How Metoprolol can Help Protect you From Brain Damage After a Stroke

Dr. Ibez’s group has accumulated more than 10 years’ experience investigating the properties of metoprolol, a beta-blocker that has been used to treat hypertension and arrhythmias for more than 40 years.

They first showed that metoprolol is beneficial in patients suffering a heart attack. The ‘eureka moment’ came when the group discovered that metoprolol protects the heart during an infarction by inhibiting the exacerbated inflammatory response triggered by immune cells called neutrophils.


“When we discovered this mechanism of action, we thought it might also apply to other conditions in which neutrophil hyperactivation plays an important role,” said Dr. Ibaez.

Following this lead, the CNIC investigators recently demonstrated that metoprolol reduces the exacerbated inflammation seen in patients with severe COVID-19.

Mode of Action Metoprolol

“Metoprolol, in addition to blocking the hyperactivation of proinflammatory neutrophils, appears to selectively promote the reparatory activity of the population of antiinflammatory neutrophils, resulting in notable improvements in the affected area,” explained CNIC predoctoral researcher Agustn Clemente-Moragn, a joint-first author on the study.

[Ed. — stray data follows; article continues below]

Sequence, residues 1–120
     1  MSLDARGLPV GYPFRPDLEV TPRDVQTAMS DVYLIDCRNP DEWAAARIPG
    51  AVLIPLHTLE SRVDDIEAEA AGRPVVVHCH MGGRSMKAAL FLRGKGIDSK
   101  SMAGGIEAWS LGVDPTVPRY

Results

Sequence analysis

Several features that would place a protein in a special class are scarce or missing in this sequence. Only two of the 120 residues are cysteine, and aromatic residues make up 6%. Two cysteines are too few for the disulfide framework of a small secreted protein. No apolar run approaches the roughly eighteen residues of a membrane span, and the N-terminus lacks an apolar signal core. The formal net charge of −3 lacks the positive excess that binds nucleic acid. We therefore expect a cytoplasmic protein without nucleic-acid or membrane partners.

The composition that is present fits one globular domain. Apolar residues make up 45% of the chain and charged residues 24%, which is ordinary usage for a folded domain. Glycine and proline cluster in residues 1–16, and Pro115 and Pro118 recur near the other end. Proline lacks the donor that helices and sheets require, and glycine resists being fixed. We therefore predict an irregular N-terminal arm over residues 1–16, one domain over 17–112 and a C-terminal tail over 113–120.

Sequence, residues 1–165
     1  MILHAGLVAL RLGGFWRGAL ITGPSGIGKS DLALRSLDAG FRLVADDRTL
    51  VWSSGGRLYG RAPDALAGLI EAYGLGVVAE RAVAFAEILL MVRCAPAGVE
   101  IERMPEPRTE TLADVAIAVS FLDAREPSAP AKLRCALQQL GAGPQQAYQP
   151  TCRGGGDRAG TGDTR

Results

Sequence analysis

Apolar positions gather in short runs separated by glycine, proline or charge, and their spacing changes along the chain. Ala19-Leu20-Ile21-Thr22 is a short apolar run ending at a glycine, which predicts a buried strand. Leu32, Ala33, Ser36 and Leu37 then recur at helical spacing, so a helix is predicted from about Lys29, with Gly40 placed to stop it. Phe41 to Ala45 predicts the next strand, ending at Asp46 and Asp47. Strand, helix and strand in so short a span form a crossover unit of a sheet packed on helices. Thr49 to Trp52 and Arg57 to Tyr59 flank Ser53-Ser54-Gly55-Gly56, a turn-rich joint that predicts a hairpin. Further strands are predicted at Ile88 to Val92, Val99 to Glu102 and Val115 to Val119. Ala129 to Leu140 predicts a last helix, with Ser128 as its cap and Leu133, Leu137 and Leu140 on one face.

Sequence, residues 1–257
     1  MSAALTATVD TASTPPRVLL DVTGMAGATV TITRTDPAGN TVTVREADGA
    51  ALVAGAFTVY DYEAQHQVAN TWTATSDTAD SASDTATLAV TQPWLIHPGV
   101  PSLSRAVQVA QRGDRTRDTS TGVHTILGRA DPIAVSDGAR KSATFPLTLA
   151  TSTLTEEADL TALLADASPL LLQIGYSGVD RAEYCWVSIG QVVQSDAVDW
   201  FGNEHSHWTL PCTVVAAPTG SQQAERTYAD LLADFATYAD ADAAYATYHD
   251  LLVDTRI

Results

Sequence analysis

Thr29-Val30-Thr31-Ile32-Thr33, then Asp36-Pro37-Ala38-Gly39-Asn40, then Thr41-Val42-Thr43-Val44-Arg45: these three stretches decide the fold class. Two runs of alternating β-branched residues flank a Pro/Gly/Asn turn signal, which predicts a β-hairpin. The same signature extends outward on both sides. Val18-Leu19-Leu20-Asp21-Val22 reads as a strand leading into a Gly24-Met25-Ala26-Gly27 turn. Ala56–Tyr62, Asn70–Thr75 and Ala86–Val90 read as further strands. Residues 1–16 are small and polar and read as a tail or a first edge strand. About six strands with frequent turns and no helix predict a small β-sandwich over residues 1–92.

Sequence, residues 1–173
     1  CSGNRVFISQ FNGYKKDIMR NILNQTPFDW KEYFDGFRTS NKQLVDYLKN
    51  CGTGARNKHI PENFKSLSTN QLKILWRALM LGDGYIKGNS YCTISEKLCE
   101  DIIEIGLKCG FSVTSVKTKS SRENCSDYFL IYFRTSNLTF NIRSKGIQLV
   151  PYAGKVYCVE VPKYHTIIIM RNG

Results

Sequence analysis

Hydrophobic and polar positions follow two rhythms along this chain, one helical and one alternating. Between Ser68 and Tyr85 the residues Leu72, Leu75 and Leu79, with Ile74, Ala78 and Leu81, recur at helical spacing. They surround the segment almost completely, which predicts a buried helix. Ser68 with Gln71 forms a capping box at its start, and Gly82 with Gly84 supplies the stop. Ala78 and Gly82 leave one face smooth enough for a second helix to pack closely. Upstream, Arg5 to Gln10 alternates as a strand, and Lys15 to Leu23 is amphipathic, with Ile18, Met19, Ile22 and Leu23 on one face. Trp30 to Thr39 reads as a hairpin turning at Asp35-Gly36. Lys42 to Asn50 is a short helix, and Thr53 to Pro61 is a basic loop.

Study co-first author Eduardo Oliver explained that “testing the possible benefit of metoprolol in stroke was a goal we had been pursuing for some time, since neuroinflammation is known to play a central role in stroke-related injury.” Oliver, after a long stint at the CNIC, is now a Ramn y Cajal fellow leading his own research group at the Margarita Salas Center for Biological Research, part of the Spanish National Research Council (CSIC).

The new study includes highly sophisticated brain imaging analysis, which was led by joint-lead author Dr. Manuel Desco. Desco, who combines roles as Director of the CNIC Advanced Imaging Unit, full professor at the Universidad Carlos III de Madrid, and group leader at the Gregorio Maran Health Research Institute, also coordinates the Madrid Nanomedicine in Molecular Imaging Network (RENIM), a role that allowed him to coordinate many of the experiments in the present study.

CNIC General Director Dr. Valentn Fuster, another study coauthor, noted that “this study exemplifies an important new research initiative at the CNIC: the study of the impact of cardiovascular disease and its risk factors on other organs, such as the brain.”

Source: Eurekalert

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